The Pilgrims knew and understood the darkness of this celebration and banned it from the colonies. Irish immigrants during the potato famine arrived bringing the tradition of Sanhaim. At first it centered upon community get togethers slowly growing into a more secular and general celebration. In the 50’s it became so large that it was moved to the classroom and consequently into the home.
Every year 6.9 billion is spent on Halloween alone. In the amount of money spent, halloween is only second to Christmas
Apple bobbing is really a form of divination. Young unmarried women would gather around a tub filled with apples – the apple is a symbol of the Roman goddess Pomona. The first to bite into an apple was the winner. The apple was then cored leaving only the outside peel which was then thrown behind the shoulder. They would then see if the peel formed a letter – the first letter of the name of the man they would marry. This is also where we get the traditional throwing of the wedding bouquet.
The celts believed that on the eve of the new year, the veil between the dead, the living dead, and the living became very thin. This is why there are so many objects centered around decomposed and mutilated bodies. The decomposed bodies would arise from the graveyard and come into the village. This is why during Halloween there is such an emphasis on graveyards and decomposed bodies.
The wicked souls of the dead were condemned to inhabit the body of an animal for a year. On The Vigil of Samhain, the lord of death and demons called those wicked souls together and sent them to attack the villagers in the form of those animals. The villagers would attempt to escape by masquerading as animals – besmearing their faces with ash and wearing animal skins – hoping to blend in unknown amongst them – the origin of the halloween costume.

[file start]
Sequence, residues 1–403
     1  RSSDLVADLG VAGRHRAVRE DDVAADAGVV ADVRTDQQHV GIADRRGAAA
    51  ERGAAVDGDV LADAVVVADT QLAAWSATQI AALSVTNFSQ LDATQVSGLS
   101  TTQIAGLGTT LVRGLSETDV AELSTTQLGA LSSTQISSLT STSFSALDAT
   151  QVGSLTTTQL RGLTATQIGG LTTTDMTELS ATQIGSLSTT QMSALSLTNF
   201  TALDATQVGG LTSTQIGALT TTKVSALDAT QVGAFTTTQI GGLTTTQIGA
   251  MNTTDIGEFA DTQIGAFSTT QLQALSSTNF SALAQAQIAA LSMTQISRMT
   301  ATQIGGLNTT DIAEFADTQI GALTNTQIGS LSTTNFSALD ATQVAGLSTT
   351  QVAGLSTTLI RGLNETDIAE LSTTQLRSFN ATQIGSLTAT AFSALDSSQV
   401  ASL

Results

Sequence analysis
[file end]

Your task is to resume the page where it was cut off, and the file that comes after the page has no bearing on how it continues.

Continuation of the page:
Trick or Treat
Villagers would try to appease spirits with plates of their finest food. They believed that if thy did not do so these ghostly wanderers would kill their flocks or destroy their property. The following is a quote of Irene Parker, a former witch and an authority on Halloween.
“Druids would go throughout the neighborhood and countryside on the eve of October 31st to collect offerings for Satan. They would carry lanterns, bags for money, canes with very sharp points on their end known as leprechaun staffs, good luck horns, or fairy’s wands, and at each house they would demand a specified amount. If it was not obtained at the chosen home than a hexagram was painted on their door with blood to show the appointed evil spirits to cause all kind of evil to fall on that home.”